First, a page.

It took me several days to think of the bees. After the smoke had cleared and the heartbreak settled in, I remembered: they kept beehives up there. So you might be wondering too: were the honeybees spared from the fire that ravaged Notre Dame and left the world in disbelief on that black Monday evening in Paris? The fate of the cathedral’s busiest little winged inhabitants may seem all too insignificant next to centuries of history destroyed, but I’ll take my silver linings however I can get them – even in the tiniest doses. So I went looking for answers…
There are over three hundred working bee hives currently placed around Paris in an effort to increase biodiversity. You can find them in the Luxembourg gardens (alongside a beekeeping school) and on numerous rooftops around the city, including the Opera Garnier, the Grand Palais, the Musée d’Orsay, Galeries Lafayette and dozens more. Despite the lack of green space, honeybees are in fact known to thrive in urban environments without the threat of pesticides used in rural farming areas. Much of the honey they produce in Paris is donated the city’s poor and vulnerable.
In the spring of 2013, the rooftops of Notre Dame became host to a modest colony of good-tempered urban honeybees known Buckfast bees, developed in the 1920s by a Benedictine monk. The three hives on top of the Notre Dame were installed at the behest of the cathedral’s general manager as a gesture to help promote the protection and awareness of our bees, but of course on that fateful evening in Paris, Notre Dame’s hives were quite literally in the line of fire. As firefighters battled through the night to save the 850+ year-old cathedral from total collapse, understandably, priorities lay elsewhere.
To discover the fate of these little bees in the aftermath of a disaster, I figured that tracking down Notre Dame’s beekeeper was probably the best place to start. So I did some digging and found Nicolas Géant, the apiculturist who maintains more than 200 other hives across Paris, including the three hives atop France’s ravaged cathedral. And alas, a glimmer of hope…
Two days after the fire, Nicolas gave his first update: Thanks to drone footage released to the media, he was able to spot his beloved hives from the air….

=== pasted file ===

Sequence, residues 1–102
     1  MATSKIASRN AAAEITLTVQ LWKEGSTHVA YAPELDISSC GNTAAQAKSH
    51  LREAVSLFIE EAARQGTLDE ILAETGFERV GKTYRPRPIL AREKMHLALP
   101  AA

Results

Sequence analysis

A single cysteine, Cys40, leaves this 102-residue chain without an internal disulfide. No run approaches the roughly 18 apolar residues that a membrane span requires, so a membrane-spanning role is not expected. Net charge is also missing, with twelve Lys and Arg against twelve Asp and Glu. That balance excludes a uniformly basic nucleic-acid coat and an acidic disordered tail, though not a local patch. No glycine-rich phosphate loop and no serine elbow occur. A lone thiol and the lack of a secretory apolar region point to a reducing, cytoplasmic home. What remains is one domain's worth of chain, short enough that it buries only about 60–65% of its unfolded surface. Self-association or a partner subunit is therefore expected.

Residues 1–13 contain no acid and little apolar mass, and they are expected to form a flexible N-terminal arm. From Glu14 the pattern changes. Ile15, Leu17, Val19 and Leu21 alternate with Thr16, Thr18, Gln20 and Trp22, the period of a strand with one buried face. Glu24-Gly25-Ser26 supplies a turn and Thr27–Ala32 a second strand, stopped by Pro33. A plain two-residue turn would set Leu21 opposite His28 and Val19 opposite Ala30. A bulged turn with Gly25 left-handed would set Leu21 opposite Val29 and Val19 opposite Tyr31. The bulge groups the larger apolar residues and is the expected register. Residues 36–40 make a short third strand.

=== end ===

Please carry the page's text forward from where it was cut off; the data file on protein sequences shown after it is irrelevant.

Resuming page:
Despite their proximity to the root of the fire, miraculously, “the three hives are still in place … and visibly intact!” he rejoiced.
This was good news. However, for obvious safety reasons, very few personnel have been allowed back on site of the cathedral, so Nicolas couldn’t be sure if the bees themselves had survived the fire.
“As for the occupants of those hives, the mystery still remains,” he said. “All that smoke, heat, water, we will see if our courageous bees are still with us as soon as we’re given access to the site, which may take some time,” said Nicolas. He promised to keep us informed and has been very moved by the messages of support he’s received since the fire.
I was just about to publish this post, their fate still in question, when I decided to check back with Nicolas one more time….
And I have to say, I never thought I’d be so happy to see a swarm of insects.
The bees are alive!
Spotted clinging to a blackened gargoyle, Nicolas joyously shared the news that the bees of Notre Dame are alive and well, thanks to photo confirmation from officials onsite.
While we wait for Nicolas to be reunited with them, here is a French morning news program from 2016, featuring Nicolas and his courageous bees at Notre Dame (sorry, no english subtitles):
The honeybees’ neighbouring 850 year-old “forest”, as it was fondly known, tragically didn’t have the same luck as the bees and their wooden hives that sit just one level below the catherdral’s attic. Lost in the fire of April 15th, the intricate framework of oak beams, some more than 100 meters long, was one of the oldest structures in Paris and a rare example of medieval engineering…
While lamenting over the loss of “the forest” where the fabled hunchback of Notre Dame hid from the world, I came across a small but interesting detail in the attic’s history. The structure that was destroyed in the recent fire was put in place in the year 1220, but records show that a previous framework existed prior that, built with trees that were felled around 1160. It’s unknown why this first attic was rebuilt – the cathedral’s archivists suggest that there might have been another fire all those years ago that destroyed the very first forest.
Whatever the reasoning, it provides some hope and reassurance that history says Notre Dame – and its forest – will rise again. In recent years, the attic was surveyed and 3D scanned by experts. France’s back-up plan, as touched on here a few days ago, is a solid one.
In the meantime, it’s the little things that can also help heal the gaping wound in the heart of Paris. So here’s to the honeybees of Notre Dame that survived the great fire of 2019. Spread the joy #TheNotreDameBeesAreAlive